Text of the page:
Aug 1, 2008

What if Osama bin Laden is taping a message when we find him?

Should we let him finish before arresting him?

Apparently, the police in Jackson, AL, think so:
Police allowed Hopkins to finish his sermon before arresting him

WTF!? He is a murderer and (probably serial) child rapist! What is the point of the police waiting? So his holy message wouldn't be lost?

Looks like you can get away with almost anything in the name of religion, and even when you cross all bounds, you still get way more respect than other criminals.

UPDATE: Over at Pharyngula, many commenters think the police did the right thing because (1) Hopkins was not about to flee or commit another crime, and (2) he is only charged with those crimes at this point, not convicted. Those people are completely missing the point. Commenter karen (#31) has it right:

The police wouldn't wait for any other type person to finish his business before arresting him. This is just pandering to the woo.

The procedure for arresting a preacher must be exactly the same as that for arresting anyone else. If it is not, the police is violating the Constitution, specifically the Equal Protection Clause of the 14th Amendment and the Establishment Clause of the 1st Amendment.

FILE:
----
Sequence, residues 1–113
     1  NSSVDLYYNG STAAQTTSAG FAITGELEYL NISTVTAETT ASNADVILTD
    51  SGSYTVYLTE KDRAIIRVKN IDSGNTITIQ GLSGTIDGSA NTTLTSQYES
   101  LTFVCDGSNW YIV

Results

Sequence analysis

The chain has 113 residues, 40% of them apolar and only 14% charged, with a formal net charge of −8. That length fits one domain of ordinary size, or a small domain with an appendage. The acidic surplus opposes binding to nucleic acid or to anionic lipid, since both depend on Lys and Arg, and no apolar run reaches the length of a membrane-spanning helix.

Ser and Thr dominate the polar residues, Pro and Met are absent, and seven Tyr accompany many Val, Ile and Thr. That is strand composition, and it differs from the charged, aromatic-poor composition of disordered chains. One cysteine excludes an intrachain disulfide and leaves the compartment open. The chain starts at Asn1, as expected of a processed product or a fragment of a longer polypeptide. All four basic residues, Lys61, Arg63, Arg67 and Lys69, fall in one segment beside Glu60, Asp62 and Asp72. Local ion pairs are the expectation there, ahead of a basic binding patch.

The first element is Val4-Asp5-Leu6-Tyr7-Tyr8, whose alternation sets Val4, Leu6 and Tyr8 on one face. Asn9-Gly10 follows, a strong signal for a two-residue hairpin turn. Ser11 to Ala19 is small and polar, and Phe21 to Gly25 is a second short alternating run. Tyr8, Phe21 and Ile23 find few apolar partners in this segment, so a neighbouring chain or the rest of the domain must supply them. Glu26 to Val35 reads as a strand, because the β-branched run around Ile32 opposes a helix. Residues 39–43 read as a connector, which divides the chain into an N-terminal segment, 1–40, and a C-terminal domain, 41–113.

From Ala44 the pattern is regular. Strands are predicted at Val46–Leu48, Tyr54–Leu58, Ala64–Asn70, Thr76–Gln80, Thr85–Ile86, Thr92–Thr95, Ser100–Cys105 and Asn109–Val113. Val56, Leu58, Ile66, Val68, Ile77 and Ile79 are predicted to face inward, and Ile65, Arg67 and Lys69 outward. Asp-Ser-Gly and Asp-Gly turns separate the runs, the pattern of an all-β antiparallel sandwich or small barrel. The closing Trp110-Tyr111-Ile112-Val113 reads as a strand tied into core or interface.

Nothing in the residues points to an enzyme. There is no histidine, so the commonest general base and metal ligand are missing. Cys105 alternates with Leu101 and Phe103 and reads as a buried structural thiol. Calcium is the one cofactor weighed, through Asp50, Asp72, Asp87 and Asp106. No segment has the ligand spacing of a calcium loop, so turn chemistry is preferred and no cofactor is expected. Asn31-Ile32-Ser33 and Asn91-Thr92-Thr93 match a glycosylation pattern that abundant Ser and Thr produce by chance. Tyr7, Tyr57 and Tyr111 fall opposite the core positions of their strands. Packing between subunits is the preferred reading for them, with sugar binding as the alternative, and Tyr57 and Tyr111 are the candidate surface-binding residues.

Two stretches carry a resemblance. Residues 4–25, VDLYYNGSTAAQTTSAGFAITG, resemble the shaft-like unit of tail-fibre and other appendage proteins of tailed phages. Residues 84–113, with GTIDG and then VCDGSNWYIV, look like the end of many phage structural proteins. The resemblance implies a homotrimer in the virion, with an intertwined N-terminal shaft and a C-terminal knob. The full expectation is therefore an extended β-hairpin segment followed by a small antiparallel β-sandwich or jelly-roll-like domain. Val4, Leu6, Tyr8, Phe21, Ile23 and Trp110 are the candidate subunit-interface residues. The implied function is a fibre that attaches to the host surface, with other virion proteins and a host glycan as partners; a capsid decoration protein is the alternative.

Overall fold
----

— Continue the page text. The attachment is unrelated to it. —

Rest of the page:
UPDATE 2: It gets interesting. A comment by "Doug the Trucker" (#104) challenges my (and PZ's) view in a valid way:

OK, former LEO here.

We try to avoid creating a scene when arresting someone, especially if it in a public place where an arrest might stir up an even larger problem. From the description, Mr. Hopkins was in a controlled area, wasn't planning on fleeing, and was quickly arrested after the sermon. If there had been reason to believe he was armed, or was about to take off and run, then the officers would have moved in for an immediate arrest.

We try to do this for everyone, not just clergy.

If this is factually correct, I am ready to agree that the police did the right thing. But, for now, I find it hard to believe that the police would normally wait when arresting someone for murder.

UPDATE 3: Another police officer says this is standard. Well, I would hope it would be, but how then do we explain numerous accounts of SWAT team drug raids, high-speed chases, and so on?

2 comments:

watercat said...

Seems to me they did the right thing; who wants a horde of angry baptists rioting to keep you from dragging their prophet away?
OTOH, it would be nice if the cops acted so civil in other cases, like you suggest.

bullfighter said...

As you said, I am not in favor of unnecessary hasty arrests or theatric displays of police force. My main concern here is the inconsistency that I perceived between this arrest and other arrests for heinous violent crimes. But it is quite possible that the perception is driven by highly visible reports of exceptional cases, and that the police in this case followed the usual procedure.

In any case, it is something the public ought to be informed about. I'd rather be wrong and learn something than not raise the issue at all.